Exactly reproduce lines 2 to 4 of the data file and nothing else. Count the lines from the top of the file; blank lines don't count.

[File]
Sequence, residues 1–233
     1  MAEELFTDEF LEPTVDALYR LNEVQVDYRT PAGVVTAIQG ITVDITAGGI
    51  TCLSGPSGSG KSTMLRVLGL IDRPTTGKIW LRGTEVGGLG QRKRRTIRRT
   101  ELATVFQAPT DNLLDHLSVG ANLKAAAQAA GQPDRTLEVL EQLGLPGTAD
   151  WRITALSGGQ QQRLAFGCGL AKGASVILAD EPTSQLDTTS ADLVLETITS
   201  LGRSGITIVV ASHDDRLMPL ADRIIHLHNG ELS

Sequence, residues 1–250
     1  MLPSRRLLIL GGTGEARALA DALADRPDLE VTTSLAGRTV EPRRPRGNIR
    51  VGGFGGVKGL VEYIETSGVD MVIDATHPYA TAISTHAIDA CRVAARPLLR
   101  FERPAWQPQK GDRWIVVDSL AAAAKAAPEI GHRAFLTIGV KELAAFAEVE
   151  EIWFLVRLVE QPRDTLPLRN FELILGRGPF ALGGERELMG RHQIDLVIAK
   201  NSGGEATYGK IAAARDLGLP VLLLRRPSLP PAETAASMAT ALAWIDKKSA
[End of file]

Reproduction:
     1  MAEELFTDEF LEPTVDALYR LNEVQVDYRT PAGVVTAIQG ITVDITAGGI
    51  TCLSGPSGSG KSTMLRVLGL IDRPTTGKIW LRGTEVGGLG QRKRRTIRRT
   101  ELATVFQAPT DNLLDHLSVG ANLKAAAQAA GQPDRTLEVL EQLGLPGTAD